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    Gloria Allred has been endlessly parodied, but a new documentary celebrates her

    Attorney Gloria Allred has faced detractors for decades.
    AFP/Getty Images
    Attorney Gloria Allred has faced detractors for decades.

    Gloria Allred may be the most recognizable attorney currently practicing law, thanks to her flashbulb-ready news conferences with women who have accused Bill Cosby, Donald Trump, and Roman Polanski, among other famous men, of sexual misconduct.

    You’d think it would be easy to get a person who clamors for the spotlight to agree to a documentary about her life. But you’d be wrong. “Gloria is a very private person,’’ said documentarian Sophie Sartain, who, along with her co-director Roberta Grossman, wooed Allred for two years before the lawyer agreed to be filmed.

    ‘‘I really prefer to talk about the issues rather than myself,’’ Allred explained by phone.

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    That’s one of many surprises about ‘‘Seeing Allred,’’ which premiered at the Sundance Film Festival in January and is now streaming on Netflix. It begins with some of the common narratives that have trailed Allred’s more-than-40-year career.

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    On ‘‘The Simpsons,’’ she’s termed a ‘‘shrill feminist attorney,’’ and on ‘‘South Park,’’ an exaggerated version of her ridicules a gay man for being homophobic. ‘‘Saturday Night Live’’ portrayed her as a relentless self-promoter.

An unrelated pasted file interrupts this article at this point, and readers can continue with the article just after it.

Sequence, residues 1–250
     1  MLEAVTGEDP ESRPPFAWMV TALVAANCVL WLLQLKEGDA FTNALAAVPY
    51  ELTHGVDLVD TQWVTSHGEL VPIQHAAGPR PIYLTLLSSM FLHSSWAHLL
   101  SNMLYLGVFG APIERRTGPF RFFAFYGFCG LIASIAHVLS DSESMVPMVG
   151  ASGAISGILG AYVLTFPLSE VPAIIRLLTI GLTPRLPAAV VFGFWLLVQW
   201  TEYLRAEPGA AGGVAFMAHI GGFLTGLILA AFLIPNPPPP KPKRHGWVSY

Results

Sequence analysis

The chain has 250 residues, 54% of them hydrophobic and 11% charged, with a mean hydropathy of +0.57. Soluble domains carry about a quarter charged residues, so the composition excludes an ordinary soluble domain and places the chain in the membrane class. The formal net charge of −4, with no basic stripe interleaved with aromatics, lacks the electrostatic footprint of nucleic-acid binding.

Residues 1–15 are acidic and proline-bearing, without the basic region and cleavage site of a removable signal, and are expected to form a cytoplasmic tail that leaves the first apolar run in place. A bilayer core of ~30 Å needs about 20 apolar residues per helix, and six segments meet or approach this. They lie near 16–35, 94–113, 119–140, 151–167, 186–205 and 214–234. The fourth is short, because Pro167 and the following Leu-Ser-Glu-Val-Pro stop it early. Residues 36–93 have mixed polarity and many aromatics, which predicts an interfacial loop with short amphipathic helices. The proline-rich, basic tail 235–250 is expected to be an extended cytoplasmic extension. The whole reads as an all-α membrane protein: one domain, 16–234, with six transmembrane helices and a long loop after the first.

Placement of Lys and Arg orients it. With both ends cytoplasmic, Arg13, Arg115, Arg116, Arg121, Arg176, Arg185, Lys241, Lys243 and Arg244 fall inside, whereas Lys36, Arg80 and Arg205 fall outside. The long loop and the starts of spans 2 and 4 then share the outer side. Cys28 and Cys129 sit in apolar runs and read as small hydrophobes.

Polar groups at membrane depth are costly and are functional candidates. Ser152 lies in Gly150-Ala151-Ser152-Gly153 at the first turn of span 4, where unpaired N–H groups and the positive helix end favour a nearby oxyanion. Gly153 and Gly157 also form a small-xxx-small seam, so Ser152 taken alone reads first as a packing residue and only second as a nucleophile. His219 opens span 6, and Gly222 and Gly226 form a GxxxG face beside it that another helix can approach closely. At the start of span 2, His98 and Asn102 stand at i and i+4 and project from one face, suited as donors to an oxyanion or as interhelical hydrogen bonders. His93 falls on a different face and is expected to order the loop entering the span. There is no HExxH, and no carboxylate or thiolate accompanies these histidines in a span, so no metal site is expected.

Through it all, she’s kept the same perfectly lipsticked smile while confronting detractors on talk show after talk show.

    But there’s more to the 76-year-old lawyer, the filmmakers believed, and they were determined to show the world.

    ‘‘It’s very motivating if you have an injustice or a wrong you want to fight against or correct when you set out to make a documentary,’’ Grossman said. ‘‘We felt that she should be seen as what she is, which is a tireless fighter on behalf of women’s rights and civil rights. Instead, the noise was so critical of her that we wanted to show that she was the real deal.’’

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    In fact, the movie makes a convincing case that Allred was simply ahead of her time and now, with the Me Too movement in full swing, the world is catching up. She was fighting abuses in the Catholic church as early as 1984, and in 2004, she filed the first lawsuit in California challenging the state’s same-sex marriage ban; she’s been taking on sexual harassment cases since long before Anita Hill made it mainstream.

    Not that Allred cares either way how she’s perceived. ‘‘I think I’m very well understood by many people and misunderstood by those who wish to misunderstand, because they have an agenda that is different than mine,’’ Allred says in the movie. ‘‘I don’t really care.’’

    During an interview, Allred responded to every personal question by forcibly steering the conversation back to her work and her ‘‘courageous’’ clients. “If people are calling names, then that means they don’t have a good argument against what we’re doing,’’ she said. ‘‘So I feel that that’s actually a statement by them that I must be right.’’

    In the film, she does share a harrowing personal story, a tale she’s revealed before to explain, in part, her dogged commitment to women’s rights. As a young woman while on vacation in Mexico, she went on a date with a doctor, who raped her at gunpoint.